Also in this week’s report: The state’s Latino Caucus, which is led by two San Diego lawmakers, released a list of its legislative priorities that include the expansion of education and healthcare and housing. California Attorney General Xavier Becerra signaled that he’s preparing to do more to clean up the state’s illegal marijuana market, which would be a big win for those who hold the right permits.
Parts of Republican California are in rebellion. Orange County and six cities, including Escondido, have sided with the Trump administration’s attempt to dismantle the state’s so-called sanctuary laws and San Diego County is going to consider following suit.
“If the county joins the movement, it would be the first jurisdiction with a Democratic plurality, slight as it may be, to do so,” wrote Union-Tribune columnist Michael Smolens. “In contrast to the county’s political demographics, all five board members are Republican.”
In Anaheim last year, a California Republican Party chair official made the case to party donors and activists that the Democrat-led legislature was increasingly unlikeable among voters and particularly vulnerable on certain issues in 2018, including taxes and immigration.
The nonpartisan Public Policy Institute of California released a survey in February showing that 65 percent of voters favor the state and local governments “making their own policies and taking actions, separate from the federal government, to protect the legal rights of undocumented immigrants in California.”
The partisan divide on that question isn’t surprising, but it is significant. Nearly 75 percent of Republicans oppose local sanctuary laws. More than 80 percent of Democrats think the laws are necessary to build trust between cops and local immigrant communities.
At least one candidate appears to be betting on conservative resentment to help get through the June primary. Diane Harkey, a Board of Equalization member who’s competing in the 49th Congressional District race, issued a statement saying the state’s sanctuary status “puts our citizens at risk of being victimized. State and federal law enforcement should work together to protect the public.”
• San Diego County Sheriff Bill Gore’s position on this topic has shifted. Just last week, he told the Union Tribune editorial board that he would advice the Board of Supervisors to stay out of the federal government’s suit. His spokeswoman told Voice in an email that Gore would continue to comply with state law. On Thursday, however, he told KOGO radio‘s Carl DeMaio he would be neutral.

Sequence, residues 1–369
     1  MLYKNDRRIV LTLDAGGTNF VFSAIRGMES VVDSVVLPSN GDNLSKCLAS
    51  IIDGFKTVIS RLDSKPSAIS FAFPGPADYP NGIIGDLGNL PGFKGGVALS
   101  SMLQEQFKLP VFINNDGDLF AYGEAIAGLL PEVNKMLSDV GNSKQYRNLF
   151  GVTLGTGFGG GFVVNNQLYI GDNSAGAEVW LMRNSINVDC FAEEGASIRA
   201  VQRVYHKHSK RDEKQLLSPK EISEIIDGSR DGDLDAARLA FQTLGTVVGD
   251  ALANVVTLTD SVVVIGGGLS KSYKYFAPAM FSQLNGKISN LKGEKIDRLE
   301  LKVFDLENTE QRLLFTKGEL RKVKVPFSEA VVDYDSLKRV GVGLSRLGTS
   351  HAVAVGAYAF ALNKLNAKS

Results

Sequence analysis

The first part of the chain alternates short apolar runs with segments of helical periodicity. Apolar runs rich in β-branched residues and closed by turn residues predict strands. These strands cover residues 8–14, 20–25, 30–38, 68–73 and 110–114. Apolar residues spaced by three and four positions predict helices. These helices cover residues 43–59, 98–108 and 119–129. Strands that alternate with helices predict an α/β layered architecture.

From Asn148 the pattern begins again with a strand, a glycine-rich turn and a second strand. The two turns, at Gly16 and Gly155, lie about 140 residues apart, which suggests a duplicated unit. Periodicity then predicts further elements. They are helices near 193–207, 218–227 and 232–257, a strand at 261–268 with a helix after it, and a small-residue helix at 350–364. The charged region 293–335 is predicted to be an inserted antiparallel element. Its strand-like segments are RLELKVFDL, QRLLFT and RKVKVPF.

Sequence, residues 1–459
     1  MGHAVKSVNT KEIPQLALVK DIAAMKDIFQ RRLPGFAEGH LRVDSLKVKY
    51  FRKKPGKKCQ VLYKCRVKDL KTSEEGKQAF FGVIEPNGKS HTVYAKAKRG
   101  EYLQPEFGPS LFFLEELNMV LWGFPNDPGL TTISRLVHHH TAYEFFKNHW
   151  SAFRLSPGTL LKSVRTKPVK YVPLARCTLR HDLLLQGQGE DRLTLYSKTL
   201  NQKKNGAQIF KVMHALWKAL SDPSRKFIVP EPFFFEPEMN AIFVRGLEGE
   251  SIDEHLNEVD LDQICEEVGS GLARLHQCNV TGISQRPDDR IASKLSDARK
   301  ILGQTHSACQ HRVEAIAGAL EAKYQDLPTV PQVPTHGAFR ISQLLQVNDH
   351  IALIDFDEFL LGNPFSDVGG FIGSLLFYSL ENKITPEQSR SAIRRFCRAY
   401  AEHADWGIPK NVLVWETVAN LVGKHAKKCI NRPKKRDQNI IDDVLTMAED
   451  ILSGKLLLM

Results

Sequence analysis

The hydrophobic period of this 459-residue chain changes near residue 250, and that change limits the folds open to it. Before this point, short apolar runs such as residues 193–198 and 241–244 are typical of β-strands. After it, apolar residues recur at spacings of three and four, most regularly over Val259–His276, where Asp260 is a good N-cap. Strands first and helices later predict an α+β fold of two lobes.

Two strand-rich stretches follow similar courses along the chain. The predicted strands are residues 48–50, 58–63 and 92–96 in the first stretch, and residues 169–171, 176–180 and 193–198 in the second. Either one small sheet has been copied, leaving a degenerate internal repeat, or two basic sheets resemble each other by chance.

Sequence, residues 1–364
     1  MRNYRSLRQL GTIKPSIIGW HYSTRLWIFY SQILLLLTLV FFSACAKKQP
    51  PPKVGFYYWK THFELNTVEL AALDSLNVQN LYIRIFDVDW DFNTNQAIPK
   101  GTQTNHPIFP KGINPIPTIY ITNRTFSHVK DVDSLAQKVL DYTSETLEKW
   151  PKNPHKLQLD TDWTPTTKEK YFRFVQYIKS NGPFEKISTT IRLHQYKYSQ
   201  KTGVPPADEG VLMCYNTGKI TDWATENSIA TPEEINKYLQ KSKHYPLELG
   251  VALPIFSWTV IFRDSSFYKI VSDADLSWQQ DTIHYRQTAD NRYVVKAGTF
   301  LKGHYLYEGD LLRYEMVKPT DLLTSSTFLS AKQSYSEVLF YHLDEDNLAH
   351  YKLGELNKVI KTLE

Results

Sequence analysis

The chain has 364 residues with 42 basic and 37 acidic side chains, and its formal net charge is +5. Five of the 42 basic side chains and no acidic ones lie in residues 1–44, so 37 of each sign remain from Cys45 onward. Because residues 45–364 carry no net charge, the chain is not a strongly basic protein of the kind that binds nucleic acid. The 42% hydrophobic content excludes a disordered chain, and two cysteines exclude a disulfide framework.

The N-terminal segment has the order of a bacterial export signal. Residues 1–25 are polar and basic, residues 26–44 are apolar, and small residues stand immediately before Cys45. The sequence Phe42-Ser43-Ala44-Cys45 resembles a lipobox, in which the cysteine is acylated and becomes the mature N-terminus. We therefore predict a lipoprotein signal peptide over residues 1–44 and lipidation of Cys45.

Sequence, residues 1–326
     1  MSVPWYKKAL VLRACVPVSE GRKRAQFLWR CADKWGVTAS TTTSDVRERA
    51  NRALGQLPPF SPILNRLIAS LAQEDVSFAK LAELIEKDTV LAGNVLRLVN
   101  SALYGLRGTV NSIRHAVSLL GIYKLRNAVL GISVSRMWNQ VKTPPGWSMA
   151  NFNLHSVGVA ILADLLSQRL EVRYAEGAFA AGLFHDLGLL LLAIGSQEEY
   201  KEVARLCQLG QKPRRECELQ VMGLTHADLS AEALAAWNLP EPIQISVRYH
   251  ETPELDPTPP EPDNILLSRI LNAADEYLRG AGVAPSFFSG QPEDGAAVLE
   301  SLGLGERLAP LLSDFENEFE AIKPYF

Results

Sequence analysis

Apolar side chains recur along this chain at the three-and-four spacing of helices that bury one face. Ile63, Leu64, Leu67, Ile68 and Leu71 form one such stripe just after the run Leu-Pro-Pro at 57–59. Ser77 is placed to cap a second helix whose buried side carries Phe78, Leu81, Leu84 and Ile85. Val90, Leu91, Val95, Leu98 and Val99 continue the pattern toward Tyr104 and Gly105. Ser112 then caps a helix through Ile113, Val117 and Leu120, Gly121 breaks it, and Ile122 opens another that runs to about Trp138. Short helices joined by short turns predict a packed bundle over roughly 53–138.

“I don’t want to be in the position of telling the board what they should or shouldn’t do,” he said.
In a new op-ed, a group of 30 Democratic women are putting their party’s leadership “on notice” that the continued excusing of sexual misconduct for politically expedient reasons won’t be tolerated. They focus in part on former San Diego Mayor Bob Filner, who was forced to resign amid harassment allegations, and they cite — although don’t actually name — others who still operate within the county party’s tent.
“We refuse to continue to work within any environment that is unsafe,” the op-ed reads. “We reject the notion that we must choose between succeeding in our political careers and championing causes we love, or withdrawing to protect our own bodily autonomy and safety.”
The writers include two San Diego City Council candidates, Vivian Moreno and Monica Montgomery, and Sara Jacobs, who’s running for the 49th Congressional District.
Two powerful, elected Democrats also penned an op-ed on the need for greater accountability at the state level. Writing in the Sacramento Bee, Senate Pro Tem Toni Atkins of San Diego and Assembly Speaker Anthony Rendon of Lakewood vowed to empower a new culture “where every person knows that they have a responsibility to stop” sexual harassment.